Squalene is an organic compound. With the formula (C5H8)6, it is a triterpene. It is a colourless oil although impure samples appear yellow. It was originally obtained from shark liver oil (hence its name, as Squalus is a genus of sharks). All plants and animals produce squalene as a biochemical intermediate. An estimated 12% of bodily squalene in humans comes from the sebum. Squalene has a role in topical skin lubrication and protection.
Squalene is the biochemical precursor to steroids. The squalene conversion begins with oxidation (via squalene monooxygenase) of one of its terminal double bonds, resulting in 2,3-oxidosqualene. It then undergoes an enzyme-catalysed cyclisation to produce lanosterol, which can be elaborated into other steroids such as cholesterol and ergosterol in a multistep process by the removal of three methyl groups, the reduction of one double bond by NADPH and the migration of the other double bond.
Squalene is an ancient molecule. In plants, squalene is the precursor to stigmasterol. In certain fungi, it is the precursor to ergosterol. However, blue-green algae and some other bacteria do not produce squalene.
In 2020, conservationists raised concerns about the potential slaughter of sharks to obtain squalene for a COVID-19 vaccine.
Environmental and other concerns over shark hunting have motivated its extraction from other sources. Biosynthetic processes using genetically engineered yeast or bacteria is used.
As an adjuvant in vaccinesEdit
Immunologic adjuvants are substances, administered in conjunction with a vaccine, that stimulate the immune system and increase the response to the vaccine. Squalene is not itself an adjuvant, but it has been used in conjunction with surfactants in certain adjuvant formulations.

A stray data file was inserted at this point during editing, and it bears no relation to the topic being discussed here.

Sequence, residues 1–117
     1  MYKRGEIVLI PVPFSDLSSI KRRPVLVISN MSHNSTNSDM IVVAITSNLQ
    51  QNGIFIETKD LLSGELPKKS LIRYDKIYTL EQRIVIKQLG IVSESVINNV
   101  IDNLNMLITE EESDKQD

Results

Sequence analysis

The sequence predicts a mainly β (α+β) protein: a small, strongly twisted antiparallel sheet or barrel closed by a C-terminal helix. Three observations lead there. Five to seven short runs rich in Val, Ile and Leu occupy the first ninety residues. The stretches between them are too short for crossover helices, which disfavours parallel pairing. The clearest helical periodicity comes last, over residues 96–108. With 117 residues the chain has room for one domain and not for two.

An adjuvant using squalene is Seqirus' proprietary MF59, which is added to influenza vaccines to help stimulate the human body's immune response through production of CD4 memory cells. It is the first oil-in-water influenza vaccine adjuvant to be commercialised in combination with a seasonal influenza virus vaccine. It was developed in the 1990s by researchers at Ciba-Geigy and Chiron; both companies were subsequently acquired by Novartis. Novartis was later acquired by CSL Bering and created the company Seqirus. It is present in the form of an emulsion and is added to make the vaccine more immunogenic. However, the mechanism of action remains unknown. MF59 is capable of switching on a number of genes that partially overlap with those activated by other adjuvants. How these changes are triggered is unclear; to date, no receptors responding to MF59 have been identified. One possibility is that MF59 affects the cell behaviour by changing the lipid metabolism, namely by inducing accumulation of neutral lipids within the target cells. An influenza vaccine called FLUAD which used MF59 as an adjuvant was approved for use in the US in people 65 years of age and older, beginning with the 2016-2017 flu season.
A 2009 meta-analysis assessed data from 64 clinical trials of influenza vaccines with the squalene-containing adjuvant MF59 and compared them to the effects of vaccines with no adjuvant. The analysis reported that the adjuvanted vaccines were associated with slightly lower risks of chronic diseases, but that neither type of vaccines altered the rate of autoimmune diseases; the authors concluded that their data "supports the good safety profile associated with MF59-adjuvanted influenza vaccines and suggests there may be a clinical benefit over non-MF59-containing vaccines".
Toxicology studies indicate that in the concentrations used in cosmetics, squalene has low acute toxicity, and is not a significant contact allergen or irritant.
The World Health Organization and the US Department of Defense have both published extensive reports that emphasise that squalene is naturally occurring, even in oils of human fingerprints. The WHO goes further to explain that squalene has been present in over 22 million flu vaccines given to patients in Europe since 1997 and there have never been significant vaccine-related adverse events.
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